Slurry was made by mixing 1 kg of the same fractions highly containing paper as those in the embodiment 1 and water 11 kg and removing metals, glass, chinaware fragments pebbles on the bottom of the container. Then, 1.75 kg/day of the said slurry was put into a cylindrical fermenting tank with effective volume of 12 l having an oxidation-reduction potential controller, a gas lift type stirrer, a jacket for keeping warmth, an automatic pH controller and liquefaction was successively carried out under the conditions of oxidation-reduction potential -200 mV, temperature 60° C., pH 7.0 (Ca(OH)2 slurry used) for four days. The oxidation-reduction potential was controlled by supplying air into the gas for stirring the fermenting tank with use of oxygen supply pump interlocked with the oxidation-reduction potential controller. The gas for stirring was repeatedly blown into the slurry, so, according to the present method, oxygen contained in the blown-in air is almost thoroughly utilized. As liquefying seeds, sludge obtained by liquefaction of the germs used in the embodiment 1 for two weeks under the same conditions. The slurry treated by liquefaction was taken out from the fermenting tank at the rate of 1.75 kg/day.
By this test, 0.03 kg/day of volatile fatty acid was produced (efficiency 0.4 kg/kgVS). And no methane was detected in the gas exhausted from the fermenting tank.
According to the embodiment 3, 2.5 kg/day of liquefied slurry was obtained by successively liquefying 2.5 kg/day of slurry for the remaining period of three days. The said liquefied slurry contains 0.051 kg of volatile fatty acid and the produced amount of voltatile fatty acid to organic matters (VS) was 0.4 kg/kgVS. No methane was detected in the gas exhausted from the fermenting tank.
Next, this liquefied slurry was put into the cylindrical gasifying and fermenting tank with effective volume of 26 l having a stirrer, a jacket for keeping warmth and an automatic pH controller. Gasifying fermentation was carried out under the conditions of stirring speed: 150 rpm, temperature: 60° C., pH: 7.4 (HCl solution used), remaining period: 9 days. As gasifying seeds, gasified sludge (digested sludge) obtained by repeated gasifications for approximately four weeks under the same conditions with the mixed gasifying bateria group of obligatory anaerobic gasifying bacteria such as Methanosarcina, Methanococcus, Methanobacterium was utilized. The digested slurry after gasifying fermentation was taken out once a day from the fermenting tank at the rate of 2.7 kg/day, remained for one day in a sedimentation separator of effecitve volume of 3 l and separated into gasified sludge (digested sludge) and supernatant liquid (separate water). 10% of the gasified sludge was returned to the gasifying fermenting tank as seeds and the rest was extracted out of the system as digested sludge. The gas produced by the fermentation was stored in the gas storage tank. The digesting rate obtained by reducing organic matters remaining in the digested sludge and separate water from the amount of put-in organic matters was 68%. The amount of generated gas in gasifying fermentation was 35.5 Nl being composed of methane 76% and carbon dioxide 24%. The amount of generated gas per 1 kg of put-in organic matters was 282 Nl.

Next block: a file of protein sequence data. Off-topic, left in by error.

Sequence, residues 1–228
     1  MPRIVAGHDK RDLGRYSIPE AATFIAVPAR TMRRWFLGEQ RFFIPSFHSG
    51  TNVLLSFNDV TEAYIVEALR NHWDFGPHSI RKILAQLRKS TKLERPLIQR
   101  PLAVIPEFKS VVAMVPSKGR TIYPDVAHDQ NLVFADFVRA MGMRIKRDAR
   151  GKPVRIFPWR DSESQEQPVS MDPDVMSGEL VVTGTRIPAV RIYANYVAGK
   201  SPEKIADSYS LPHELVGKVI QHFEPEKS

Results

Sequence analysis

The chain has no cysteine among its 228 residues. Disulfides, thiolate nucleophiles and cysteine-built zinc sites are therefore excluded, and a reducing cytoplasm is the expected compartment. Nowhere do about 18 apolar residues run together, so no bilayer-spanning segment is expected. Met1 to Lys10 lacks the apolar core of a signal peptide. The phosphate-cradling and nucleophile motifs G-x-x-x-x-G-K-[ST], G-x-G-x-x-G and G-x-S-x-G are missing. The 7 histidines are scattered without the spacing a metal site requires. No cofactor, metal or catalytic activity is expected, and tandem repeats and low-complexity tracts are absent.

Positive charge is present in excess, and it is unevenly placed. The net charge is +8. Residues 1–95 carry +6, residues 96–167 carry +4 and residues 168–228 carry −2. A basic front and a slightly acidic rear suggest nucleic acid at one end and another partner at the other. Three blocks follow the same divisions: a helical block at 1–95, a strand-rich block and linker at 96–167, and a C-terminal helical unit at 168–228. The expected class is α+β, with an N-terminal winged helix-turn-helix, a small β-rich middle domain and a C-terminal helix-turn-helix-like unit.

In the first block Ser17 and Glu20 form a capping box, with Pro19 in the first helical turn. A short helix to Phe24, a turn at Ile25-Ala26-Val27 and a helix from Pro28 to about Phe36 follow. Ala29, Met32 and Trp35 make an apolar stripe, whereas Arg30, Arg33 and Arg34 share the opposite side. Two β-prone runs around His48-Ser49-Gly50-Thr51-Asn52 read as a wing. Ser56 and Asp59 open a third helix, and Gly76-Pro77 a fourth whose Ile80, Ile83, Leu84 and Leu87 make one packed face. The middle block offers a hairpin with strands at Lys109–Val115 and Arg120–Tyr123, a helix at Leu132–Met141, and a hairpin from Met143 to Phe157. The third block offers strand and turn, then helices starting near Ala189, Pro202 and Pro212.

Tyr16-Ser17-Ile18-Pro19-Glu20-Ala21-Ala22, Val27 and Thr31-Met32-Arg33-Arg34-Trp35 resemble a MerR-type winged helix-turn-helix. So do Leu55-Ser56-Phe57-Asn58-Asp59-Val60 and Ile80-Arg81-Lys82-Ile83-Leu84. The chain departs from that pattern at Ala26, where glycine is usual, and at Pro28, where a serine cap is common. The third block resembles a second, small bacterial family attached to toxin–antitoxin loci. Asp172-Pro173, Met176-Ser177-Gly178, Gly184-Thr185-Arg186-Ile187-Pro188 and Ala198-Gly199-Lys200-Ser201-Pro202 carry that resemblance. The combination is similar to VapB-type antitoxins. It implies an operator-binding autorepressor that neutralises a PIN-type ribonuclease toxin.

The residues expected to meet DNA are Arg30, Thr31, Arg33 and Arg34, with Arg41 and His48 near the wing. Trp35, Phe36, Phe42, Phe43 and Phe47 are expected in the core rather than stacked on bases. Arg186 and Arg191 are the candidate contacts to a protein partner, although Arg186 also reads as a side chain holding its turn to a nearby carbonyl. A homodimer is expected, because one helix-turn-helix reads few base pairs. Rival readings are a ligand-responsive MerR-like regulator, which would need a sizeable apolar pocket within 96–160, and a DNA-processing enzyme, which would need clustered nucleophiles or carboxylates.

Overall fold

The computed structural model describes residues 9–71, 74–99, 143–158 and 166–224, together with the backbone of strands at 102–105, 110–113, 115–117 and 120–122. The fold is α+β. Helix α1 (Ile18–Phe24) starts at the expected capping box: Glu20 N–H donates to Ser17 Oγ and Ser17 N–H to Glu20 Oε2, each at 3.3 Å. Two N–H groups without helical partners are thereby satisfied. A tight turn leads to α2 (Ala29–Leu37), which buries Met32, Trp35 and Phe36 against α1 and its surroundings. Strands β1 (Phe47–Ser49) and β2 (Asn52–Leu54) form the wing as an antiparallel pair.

The following effects are obtainable according to the present invention:
(1) Cellulose difficult to decompose can be decomposed in a short period because liquefaction proceeds efficiently, gasification being restrained in the anaerobic digestion of the wastes containing cellulose.
(2) Days required for disposing wastes containing cellulose can be substantially reduced by efficiently carrying out liquefaction and gasification in series.
(3) Digesting plant for the wastes containing cellulose can be of a small size because the disposing amount per unit area substantially increases by adopting the two-step digesting process.
The invention being thus described, it will be obvious that the same may be varied in many ways. Such variations are not to be regarded as a departure from the spirit and scope of the present invention, and all such modifications as would be obvious to one skilled in the art are intended to be included within the scope of the following claims.
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|U.S. Classification||435/167, 435/141, 435/801, 435/139, 210/630, 210/605, 435/140, 435/822, 210/613, 210/611, 210/614, 435/252|
|International Classification||B32B15/04, C02F11/04, C12P5/02|
|Cooperative Classification||Y10S435/822, Y10S435/801, C12P5/023, C12M21/04, C12M45/06, Y02E50/343|
|European Classification||C12M21/04, C12M45/06, C12P5/02B|
|Oct 14, 1982||AS||Assignment|
Owner name: AGENCY OF INDUSTRIAL SCIENCE AND TECHNOLOGY,THE, 3
Free format text: ASSIGNMENT OF ASSIGNORS INTEREST.;ASSIGNORS:HAGA, RYOICHI;ISHIDA, MASAHIKO;ODAWARA, YOJI;REEL/FRAME:004059/0116
Effective date: 19821006
|Jun 2, 1988||FPAY||Fee payment|
Year of fee payment: 4
|Sep 30, 1992||FPAY||Fee payment|
Year of fee payment: 8
|Sep 25, 1996||FPAY||Fee payment|
Year of fee payment: 12